There were three fights in my area of the stadium, one in my actual section. Perhaps the most entertaining one, though, was the one brought on by an obviously inebriated fan wearing a Garrison Hearst jersey. This fan came back, probaly from a beer or toilet run, and rather than going back to his seat, stood on the stairwell dividing two sections. He stood there, arms raised, grinning like an idiot, for ten whole minutes. Never said a word. At first the people around him took it as sort of just a friendly sort of taunt. But as he stood there, making... sort of derogatory gestures (the best he got to was a thumbs down to a Seahawks fan), the people around him just got more and more incensed. I of course was cheering him on, which in retrospect probably didn't help things. But as the fan went back up the stairs to return to his section (presumably farther up in the stadium than mine, but I doubt he really knew), some equally inebriated Seahawks fan actually took a swing at him. Fisticuffs ensued, and both the gentleman in the Hearst jersey and the Seahawks fan were removed.

My seatmates and I looked at one another in bewilderment for a second before turning back to the action. On the next play, Garrison Hearst ran for a six yard gain and no one said anything for a second, but then I said, "Hey, didnt he just get thrown out of here?"

You had to be there. High comedy.

The 99 yard drive had me just gawking in awe by the end of it. I noted how this was the second week in a row that the 49ers had done that -- taken the field after a spectacular special teams play by the other team and gone the distance. And it was a true momentum killer for the Seahawks. That drive really took the wind out of their sales, considering how pumped up the stadium was after Bobby Engram's punt return for a TD. Even though the Hawks scored on the ensuing possession, you really got the feeling the Niners were in the driver's seat.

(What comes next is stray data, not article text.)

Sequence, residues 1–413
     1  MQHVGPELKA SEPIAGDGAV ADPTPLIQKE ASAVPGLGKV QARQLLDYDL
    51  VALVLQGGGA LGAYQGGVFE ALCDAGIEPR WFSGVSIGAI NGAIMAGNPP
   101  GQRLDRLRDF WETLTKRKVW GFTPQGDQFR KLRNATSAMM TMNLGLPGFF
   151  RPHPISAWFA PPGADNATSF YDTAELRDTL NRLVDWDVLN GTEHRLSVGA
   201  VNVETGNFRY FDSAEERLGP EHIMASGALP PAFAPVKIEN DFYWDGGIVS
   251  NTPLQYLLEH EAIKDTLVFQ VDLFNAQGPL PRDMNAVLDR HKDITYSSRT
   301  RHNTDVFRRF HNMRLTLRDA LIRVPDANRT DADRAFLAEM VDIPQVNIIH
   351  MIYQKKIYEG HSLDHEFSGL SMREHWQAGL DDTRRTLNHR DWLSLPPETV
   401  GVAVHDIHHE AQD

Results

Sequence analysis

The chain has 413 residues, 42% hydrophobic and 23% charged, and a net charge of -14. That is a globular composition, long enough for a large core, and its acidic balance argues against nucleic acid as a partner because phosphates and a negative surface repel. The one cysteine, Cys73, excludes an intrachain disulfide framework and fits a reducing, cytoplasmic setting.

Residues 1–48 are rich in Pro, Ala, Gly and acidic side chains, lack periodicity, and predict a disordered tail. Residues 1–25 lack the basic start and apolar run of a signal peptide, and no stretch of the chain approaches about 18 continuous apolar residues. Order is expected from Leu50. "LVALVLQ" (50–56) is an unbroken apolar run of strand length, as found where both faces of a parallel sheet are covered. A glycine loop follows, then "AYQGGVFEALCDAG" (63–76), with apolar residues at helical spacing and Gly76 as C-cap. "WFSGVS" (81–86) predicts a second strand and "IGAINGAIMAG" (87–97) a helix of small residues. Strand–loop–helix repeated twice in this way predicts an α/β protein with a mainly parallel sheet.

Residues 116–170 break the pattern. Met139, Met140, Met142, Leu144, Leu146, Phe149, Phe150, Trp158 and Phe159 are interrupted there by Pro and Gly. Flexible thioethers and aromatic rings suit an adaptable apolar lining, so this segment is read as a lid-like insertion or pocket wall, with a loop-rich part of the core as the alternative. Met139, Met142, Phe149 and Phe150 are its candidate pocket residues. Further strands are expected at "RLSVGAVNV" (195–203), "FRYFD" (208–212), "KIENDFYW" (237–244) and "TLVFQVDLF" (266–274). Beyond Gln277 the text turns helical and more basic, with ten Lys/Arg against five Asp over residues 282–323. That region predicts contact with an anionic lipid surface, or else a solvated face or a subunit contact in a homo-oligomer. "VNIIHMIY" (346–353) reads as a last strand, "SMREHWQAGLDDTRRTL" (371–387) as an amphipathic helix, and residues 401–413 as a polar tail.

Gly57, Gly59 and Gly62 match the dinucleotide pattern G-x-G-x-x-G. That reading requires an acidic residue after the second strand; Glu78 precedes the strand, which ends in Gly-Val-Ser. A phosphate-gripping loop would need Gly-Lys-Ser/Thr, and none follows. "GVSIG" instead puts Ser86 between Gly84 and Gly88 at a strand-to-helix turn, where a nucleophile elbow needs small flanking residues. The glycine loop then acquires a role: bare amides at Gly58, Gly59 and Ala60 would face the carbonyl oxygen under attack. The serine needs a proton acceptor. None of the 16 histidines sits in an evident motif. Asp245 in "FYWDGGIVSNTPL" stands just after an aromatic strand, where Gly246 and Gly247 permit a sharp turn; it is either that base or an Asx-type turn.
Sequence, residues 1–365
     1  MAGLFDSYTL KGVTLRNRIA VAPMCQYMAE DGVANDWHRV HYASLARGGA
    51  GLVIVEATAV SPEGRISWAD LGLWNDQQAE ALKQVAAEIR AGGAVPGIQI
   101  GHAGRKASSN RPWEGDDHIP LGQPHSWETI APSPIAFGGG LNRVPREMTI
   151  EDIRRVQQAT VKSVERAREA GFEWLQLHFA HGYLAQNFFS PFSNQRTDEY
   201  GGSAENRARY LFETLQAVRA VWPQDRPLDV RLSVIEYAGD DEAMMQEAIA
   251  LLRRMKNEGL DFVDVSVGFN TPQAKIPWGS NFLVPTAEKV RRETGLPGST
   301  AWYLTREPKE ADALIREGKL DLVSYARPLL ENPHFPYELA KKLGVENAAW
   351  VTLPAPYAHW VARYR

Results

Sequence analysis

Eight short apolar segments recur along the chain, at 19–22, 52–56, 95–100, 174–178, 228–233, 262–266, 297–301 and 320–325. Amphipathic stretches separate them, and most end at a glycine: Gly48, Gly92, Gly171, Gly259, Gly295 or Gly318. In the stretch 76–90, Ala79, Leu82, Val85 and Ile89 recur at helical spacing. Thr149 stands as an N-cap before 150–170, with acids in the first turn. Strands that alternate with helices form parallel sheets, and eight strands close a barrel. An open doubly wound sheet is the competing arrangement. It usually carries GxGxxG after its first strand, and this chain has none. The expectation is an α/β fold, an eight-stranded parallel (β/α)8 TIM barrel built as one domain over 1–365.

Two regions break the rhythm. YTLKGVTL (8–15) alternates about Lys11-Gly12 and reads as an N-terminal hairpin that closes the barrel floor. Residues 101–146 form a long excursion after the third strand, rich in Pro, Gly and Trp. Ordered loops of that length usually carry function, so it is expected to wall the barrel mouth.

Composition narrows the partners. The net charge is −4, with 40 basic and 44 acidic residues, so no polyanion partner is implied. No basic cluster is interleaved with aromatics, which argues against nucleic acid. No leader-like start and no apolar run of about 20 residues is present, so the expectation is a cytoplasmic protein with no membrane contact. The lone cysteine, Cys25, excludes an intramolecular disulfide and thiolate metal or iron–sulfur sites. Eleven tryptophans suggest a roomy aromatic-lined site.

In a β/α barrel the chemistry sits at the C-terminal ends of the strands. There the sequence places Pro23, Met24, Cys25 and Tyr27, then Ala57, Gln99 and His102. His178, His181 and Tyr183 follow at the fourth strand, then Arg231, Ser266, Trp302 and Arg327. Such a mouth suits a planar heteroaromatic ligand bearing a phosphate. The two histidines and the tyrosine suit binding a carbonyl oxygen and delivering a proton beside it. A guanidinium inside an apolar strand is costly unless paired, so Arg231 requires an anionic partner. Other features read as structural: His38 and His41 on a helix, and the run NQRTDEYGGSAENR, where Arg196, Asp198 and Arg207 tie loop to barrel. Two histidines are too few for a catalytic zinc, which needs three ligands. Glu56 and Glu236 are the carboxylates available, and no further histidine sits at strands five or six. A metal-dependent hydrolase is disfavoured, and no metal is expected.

I was indeed on the wrong end of the field to see Owens' game winner but never have I witnessed a sweeter sound than that of Seahawks Stadium falling silent as Owens stopped, plucked the ball from midair, and tiptoed into the end zone. I shot out of my seat, turned to the Hawks fans on my right, and pointed at the 49ers' logo on my sleeve. They refused to even look up.

Seattle stalled on their next drive after a holding call and were forced to punt. All the Seahawks fans were jawing about how the Seahawks' D was gonna step up and how the Niners dont know how to play in crunch time, and what have you. And at the two minute warning, the 49ers faced 3rd and 2. Seahawk fans knew that it was now or never. Stop 'em and you get the ball back with the chance to tie it up. Let 'em go and you lose. San Francisco had run Kevan Barlow (who had a masterful game) the previous four plays and everyone in that stadium expected him to run it again.

And Steve Mariucci made the perfect call.

Garcia playfaked to Barlow and ran a naked bootleg to the unprotected left side of the field for nine yards and a 49ers victory.

It was a thrilling end to a thrilling game, and in the end a better game than I really could have ever realistically hoped for.

We all filed out of the arena, 49ers fans whooping, Seahawks fans looking dejected. I actually walked the full length of the circular arena's concourse just drinking it all in and looking for a merchandise store where I could buy some swag. But would you believe they dont sell merchandise for other NFL teams at Seahawks games? Just Hawks crap. Go figure.